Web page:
Most parents want to be good parents. I frequently hear young parents say, “I‘m not going to make the same mistakes on my kids as my parents made on me.” While they may not make the same mistakes as their parents, they’ll make other mistakes. As my friend and fellow astrologer, Michael Lutin, jokingly quips, “It’s easy to forgive your parents after you’ve screwed up your own kids.”
Over twenty years ago, I observed hundreds of criminally insane people’s hands while working two days a week over a two-year period in the rehab department of a forensic psychiatric hospital. I was amazed how many of them were named Hope, Faith, Angel, Jesus, Grace, Joy, and Mary by dysfunctional role models who prayed that god would bless them with their child. Sadly, those parents ended up physically and emotionally abusing their kids until god’s blessings transformed into acts of violence that finally landed their children in maximum-security forensic mental hospitals for the criminally insane.
Learning to read your kid’s hands is an effective way to tailor your parenting to the individual character of each child. Knowing your child’s character will place your own needs as well as your child’s needs under a microscope. No matter what the age of your child, palmistry can help you to understand his or her real needs and concerns. You’ll learn to be more patient and tolerant by observing your child’s hands. As you realize your children’s natural potentials, talents, abilities, and challenges, you can encourage the best in them, help create a meaningful educational plan, and point them in the direction of a fulfilling career and life.
I was able to participate in the delivery of my child at birth. I pulled her from my wife’s womb and cut her umbilical cord. Joanna tells the story of how I was reading our baby’s hands before knowing what sex she was. It’s true. Her little hands could barely wrap around my index finger and they already had a story to tell. Her character was sculpted in the shape and proportions of her hands; her strengths and weaknesses, talents, goals, and dreams engraved in her palms. Those tiny hands were beautiful, but on closer inspection, I felt somewhat confused. Joanna and I have such long heart lines (romantic, sentimental, and very much able and wanting to express our feelings) and our daughter’s heart line was so short (emotionally serious, untrusting, and unable to verbalize feelings). In addition, her index finger was very short which symbolized future problems with self-esteem and spirituality. During her first two years of life, she was very cautious, fearful, untrusting, and extremely clingy. Armed with foresight, Joanna, and I nourished and encouraged her to unfold as who she wanted and needed to be. Based on our decision and commitment, along with Cassie’s tremendous will power and determination, her index finger and heart line grew longer during her formative years. Now, at twenty-one, she’s self-assured, fiercely independent, healthy, and although still an emotionally serious person, she’s able to express her true feelings.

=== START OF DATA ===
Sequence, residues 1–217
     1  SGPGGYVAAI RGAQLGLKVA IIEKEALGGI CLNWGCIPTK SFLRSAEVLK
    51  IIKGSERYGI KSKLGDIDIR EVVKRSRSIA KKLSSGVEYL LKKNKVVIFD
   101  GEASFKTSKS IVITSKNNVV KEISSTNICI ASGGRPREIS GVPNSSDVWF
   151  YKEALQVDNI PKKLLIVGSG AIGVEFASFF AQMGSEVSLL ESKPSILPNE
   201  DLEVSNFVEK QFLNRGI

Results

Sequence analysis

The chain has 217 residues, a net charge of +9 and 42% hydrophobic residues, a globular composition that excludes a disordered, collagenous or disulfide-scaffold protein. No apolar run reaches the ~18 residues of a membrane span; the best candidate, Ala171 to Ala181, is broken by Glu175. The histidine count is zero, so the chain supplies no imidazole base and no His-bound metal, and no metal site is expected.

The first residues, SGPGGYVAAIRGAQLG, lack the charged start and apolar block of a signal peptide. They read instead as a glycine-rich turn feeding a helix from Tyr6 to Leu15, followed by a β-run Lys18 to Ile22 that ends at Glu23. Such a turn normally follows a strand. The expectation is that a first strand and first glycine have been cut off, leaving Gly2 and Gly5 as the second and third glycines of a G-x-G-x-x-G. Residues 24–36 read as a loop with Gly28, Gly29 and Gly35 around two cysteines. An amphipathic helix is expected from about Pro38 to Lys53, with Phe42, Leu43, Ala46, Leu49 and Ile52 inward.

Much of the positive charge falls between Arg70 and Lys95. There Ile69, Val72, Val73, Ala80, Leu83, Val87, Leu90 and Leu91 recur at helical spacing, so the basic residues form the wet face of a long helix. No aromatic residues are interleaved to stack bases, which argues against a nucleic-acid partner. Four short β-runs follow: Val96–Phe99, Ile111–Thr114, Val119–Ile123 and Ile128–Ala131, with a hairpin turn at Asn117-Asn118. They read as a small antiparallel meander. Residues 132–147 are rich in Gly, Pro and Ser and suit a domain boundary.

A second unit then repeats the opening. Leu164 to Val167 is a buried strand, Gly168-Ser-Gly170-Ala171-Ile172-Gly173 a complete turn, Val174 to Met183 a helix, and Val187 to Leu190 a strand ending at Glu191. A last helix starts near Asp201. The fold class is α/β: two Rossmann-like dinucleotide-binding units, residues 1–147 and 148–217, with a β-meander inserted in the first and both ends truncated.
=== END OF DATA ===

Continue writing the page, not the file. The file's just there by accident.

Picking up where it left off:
Children’s hands change dramatically during the first five years of life. It’s no surprise that psychologists call this period the “formative years”. One of the best examples I’ve seen of changes in a child’s hands was illustrated in Andrew Fitzherbert’s book, Hand Psychology. My friend and fellow palmist, Marion Gale, gave me permission to use the above prints and copy. These are her prints of the same child. On the left, at age two, he’s an orphan, having lost both parents. Notice the curved index finger and widely spaced low set pinky finger. There’s a lot of fear and insecurity in this hand. On the right, at age seven, five years after loving relatives have taken him in and cared for him, he has a confident hand with a strong and straight index finger and a healthy pinky finger. The primary lines in his hands strengthened while unnecessary peripheral lines disappeared.